Auto crashes continue to be a serious problem for drivers and passengers, and as the sharing economy continues to flourish, so do the risks.
Across the country, consumers begin to ask themselves whether smartphone apps should be held liable in case of crashes in which passengers, drivers, or pedestrians are injured.
The discussion began with the app known as Snapchat and its “speed filter,” which is a feature that tracks how fast the vehicle is going as the driver snaps a “selfie.” According to several lawyers, things get even more complicated once you factor in the fact that Snapchat images disappear after being sent to the recipient, forcing the user to use greater concentration in order to take the photo he or she is envisioning.
When the driver ceases to pay attention to the road in order to focus on what he or she is doing with their smartphone, 100 percent of their attention is removed from the road. The results are often tragic.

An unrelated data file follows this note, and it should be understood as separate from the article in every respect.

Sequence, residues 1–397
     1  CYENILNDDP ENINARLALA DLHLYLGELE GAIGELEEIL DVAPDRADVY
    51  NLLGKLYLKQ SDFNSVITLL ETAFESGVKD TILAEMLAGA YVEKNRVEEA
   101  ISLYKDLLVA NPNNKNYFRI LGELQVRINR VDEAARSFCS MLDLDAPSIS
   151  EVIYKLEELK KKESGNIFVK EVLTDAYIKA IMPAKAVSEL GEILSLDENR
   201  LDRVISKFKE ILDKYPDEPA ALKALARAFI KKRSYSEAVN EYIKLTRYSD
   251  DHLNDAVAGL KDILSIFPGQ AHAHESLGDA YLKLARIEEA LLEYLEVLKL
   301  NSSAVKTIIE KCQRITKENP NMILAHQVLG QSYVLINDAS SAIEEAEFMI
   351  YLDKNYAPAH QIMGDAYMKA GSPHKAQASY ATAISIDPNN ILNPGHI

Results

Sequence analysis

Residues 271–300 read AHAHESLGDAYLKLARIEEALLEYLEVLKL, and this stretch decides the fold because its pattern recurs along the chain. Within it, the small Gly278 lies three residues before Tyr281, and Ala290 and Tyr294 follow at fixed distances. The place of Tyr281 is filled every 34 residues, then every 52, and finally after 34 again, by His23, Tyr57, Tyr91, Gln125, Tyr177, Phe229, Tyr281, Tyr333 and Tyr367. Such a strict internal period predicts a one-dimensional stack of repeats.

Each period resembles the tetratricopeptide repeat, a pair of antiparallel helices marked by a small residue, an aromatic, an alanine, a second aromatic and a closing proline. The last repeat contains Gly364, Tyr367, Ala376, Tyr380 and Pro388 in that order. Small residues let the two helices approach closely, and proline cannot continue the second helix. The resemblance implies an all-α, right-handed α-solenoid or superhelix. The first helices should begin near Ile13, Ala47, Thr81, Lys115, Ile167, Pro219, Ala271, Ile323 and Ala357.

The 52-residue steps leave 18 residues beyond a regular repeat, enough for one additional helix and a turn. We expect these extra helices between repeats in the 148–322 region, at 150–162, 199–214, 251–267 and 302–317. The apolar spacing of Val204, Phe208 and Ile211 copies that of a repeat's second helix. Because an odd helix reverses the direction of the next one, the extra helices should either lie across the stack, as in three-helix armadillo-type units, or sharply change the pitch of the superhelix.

When involved in an auto crash, whether the guilty party was using a phone to text or to take a “selfie,” victims should not stay silent.
If you or a loved one has been injured in a crash caused by a distracted driver who was on apps like Snapchat, you should not be left to foot your medical bills on your own.
Recently, a crash victim from Georgia filed a lawsuit against Snapchat claiming that the vehicle that crashed into her was being driven by a motorist who was using Snapchat’s speed filter feature. Due to the driver’s distraction, the vehicle crashed into the back of the victim’s car at 100 miles per hour. The victim suffered serious brain trauma as a result of the tragic accident.
Since many of the locals have lower insurance coverage due to their incomes, the victim decided to sue the company for putting his life in jeopardy due to the app’s speed filter.
If you or a loved one has ever been involved in a crash caused by a distracted phone use, do not let the guilty parties get away with it.
Contact us for a free evaluation of your case.
For more on the Snapchat lawsuit, watch the video below.